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Estate Planning Considerations

Estate planning is a logical extension to the financial planning process. Having put your financial plan into place to ensure your family’s future financial security, estate planning can be a tax efficient means of transferring your assets.

At its core, estate planning aims to lessen the stress for grieving families during an already painful time.

A well-constructed estate plan entails much more than making a will. It may, for example, include:

  • appointing a power of attorney – one person or a group of people you trust to look after your financial and business affairs;
  • establishing a discretionary or family trust to protect your wealth;
  • establishing a testamentary trust to reduce your family’s tax liability after the main breadwinner’s death ; and
  • appointing a trustee and/or executor to carry out your wishes as per your will.

Wills

A Will is an important estate-planning tool to ensure that your estate assets are distributed to the people and organisations of your choice. It must be updated to include any changes in your personal and financial situation, such as new members in the family and new assets to be bequeathed.

It is wise for you to have more than one executor for your will, as this will cater for the situation where one executor may be unable or unwilling to take on the responsibility.

Be aware that your instructions to dispose of assets through a Will could be challenged through the courts by any of your potential beneficiaries. You should speak with a legal adviser about this, as there are ways to ensure that your wishes are actually met. For example, a current binding death nomination on your superannuation cannot be varied by anyone.

Power of Attorney

What Is It?

A power of attorney is a legal document in which you appoint someone to make financial, legal and/or medical decisions on your behalf. Depending on the extent of the power, the attorney (ie. the appointed person) is given authority to make decisions as if you were making them yourself. It is important to note that there are different types of power of attorney (eg general, enduring and irrevocable) which are more suited to different circumstances. It is also important to remember that there are slight variations in the law between states.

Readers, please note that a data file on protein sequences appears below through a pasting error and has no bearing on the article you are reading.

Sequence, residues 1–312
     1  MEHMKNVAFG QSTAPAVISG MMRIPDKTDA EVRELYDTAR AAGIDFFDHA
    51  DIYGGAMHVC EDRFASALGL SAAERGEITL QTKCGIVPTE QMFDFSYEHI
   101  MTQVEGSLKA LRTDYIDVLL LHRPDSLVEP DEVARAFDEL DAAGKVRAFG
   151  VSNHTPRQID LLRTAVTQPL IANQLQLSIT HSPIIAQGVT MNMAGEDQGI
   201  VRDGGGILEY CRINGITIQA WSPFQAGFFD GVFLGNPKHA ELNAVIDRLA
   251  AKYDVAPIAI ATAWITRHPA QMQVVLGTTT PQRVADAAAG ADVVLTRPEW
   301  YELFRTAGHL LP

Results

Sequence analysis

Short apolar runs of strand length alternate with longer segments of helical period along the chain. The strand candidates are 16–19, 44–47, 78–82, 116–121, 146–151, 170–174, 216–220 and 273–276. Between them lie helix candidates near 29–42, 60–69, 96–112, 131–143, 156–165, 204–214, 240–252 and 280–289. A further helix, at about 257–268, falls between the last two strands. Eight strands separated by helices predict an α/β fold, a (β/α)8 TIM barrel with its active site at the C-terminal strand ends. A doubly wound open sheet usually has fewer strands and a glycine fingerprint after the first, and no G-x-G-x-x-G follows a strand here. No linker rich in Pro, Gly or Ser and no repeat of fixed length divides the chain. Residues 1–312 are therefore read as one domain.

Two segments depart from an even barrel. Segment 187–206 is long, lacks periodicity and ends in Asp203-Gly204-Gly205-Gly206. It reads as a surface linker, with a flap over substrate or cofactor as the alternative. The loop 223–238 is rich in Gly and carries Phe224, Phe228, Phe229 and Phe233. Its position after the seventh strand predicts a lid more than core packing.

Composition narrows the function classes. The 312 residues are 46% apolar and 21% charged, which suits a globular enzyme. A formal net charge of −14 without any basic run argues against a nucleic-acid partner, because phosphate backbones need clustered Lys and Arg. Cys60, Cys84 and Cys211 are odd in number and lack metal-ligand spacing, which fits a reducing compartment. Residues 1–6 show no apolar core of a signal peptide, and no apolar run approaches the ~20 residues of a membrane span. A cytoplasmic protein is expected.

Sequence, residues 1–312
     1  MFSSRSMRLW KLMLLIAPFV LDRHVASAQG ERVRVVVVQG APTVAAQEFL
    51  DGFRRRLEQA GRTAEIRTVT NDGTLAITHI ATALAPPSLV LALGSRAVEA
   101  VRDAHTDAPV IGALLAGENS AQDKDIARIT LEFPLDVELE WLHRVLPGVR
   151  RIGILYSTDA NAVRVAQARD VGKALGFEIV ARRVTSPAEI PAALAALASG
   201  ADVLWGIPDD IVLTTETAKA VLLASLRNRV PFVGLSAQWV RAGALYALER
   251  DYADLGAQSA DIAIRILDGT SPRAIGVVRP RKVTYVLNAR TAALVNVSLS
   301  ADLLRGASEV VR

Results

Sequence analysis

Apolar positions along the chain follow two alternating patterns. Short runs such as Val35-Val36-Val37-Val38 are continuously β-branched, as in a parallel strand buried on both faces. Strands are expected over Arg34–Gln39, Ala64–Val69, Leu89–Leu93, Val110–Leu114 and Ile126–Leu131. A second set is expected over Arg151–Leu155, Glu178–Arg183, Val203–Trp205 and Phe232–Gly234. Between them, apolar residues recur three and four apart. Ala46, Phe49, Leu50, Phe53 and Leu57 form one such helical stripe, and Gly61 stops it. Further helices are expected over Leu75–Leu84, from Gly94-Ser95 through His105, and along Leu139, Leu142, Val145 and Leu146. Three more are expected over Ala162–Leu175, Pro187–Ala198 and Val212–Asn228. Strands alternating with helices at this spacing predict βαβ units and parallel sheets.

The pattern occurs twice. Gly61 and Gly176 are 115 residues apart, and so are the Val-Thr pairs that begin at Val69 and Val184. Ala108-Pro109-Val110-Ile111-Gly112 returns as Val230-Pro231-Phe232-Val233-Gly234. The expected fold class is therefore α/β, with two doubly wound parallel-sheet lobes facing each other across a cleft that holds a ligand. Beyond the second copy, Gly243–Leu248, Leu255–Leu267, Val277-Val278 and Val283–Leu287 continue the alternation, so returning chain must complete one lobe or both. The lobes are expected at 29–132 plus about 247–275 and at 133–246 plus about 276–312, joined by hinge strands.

Why Take Out a Power of Attorney?

A power of attorney can be a very powerful tool in the organisation of your financial matters and personal affairs. A power of attorney is a legal document, which appoints one person to act on behalf of another, often in areas of property and financial management. A power of attorney is particularly useful if you travel or become physically or mentally incapacitated.

Organising a Power of Attorney

A power of attorney should be prepared by your solicitor. Your financial planner can help you identify your power of attorney needs. .A power of attorney is a formal document by which one person, the donor, appoints another person, the attorney, to act on his or her behalf. For example they could bid on a house for you or pay bills for you whilst you are on holiday. You can limit the extent of the power of attorney in any way you require and it can be cancelled at any time.

It should be noted that a power of attorney remains in force until, cancelled, expired, or if you become incapable of performing the activities covered in the power of attorney.

An enduring power of attorney ensures that the authority given by the donor to the attorney continues
beyond the donor’s own capacity. This allows the attorney to continue to act notwithstanding that the
donor has lost his or her mental capacity. It is common to have reciprocal powers of attorney, that is, to nominate one person as attorney for the other.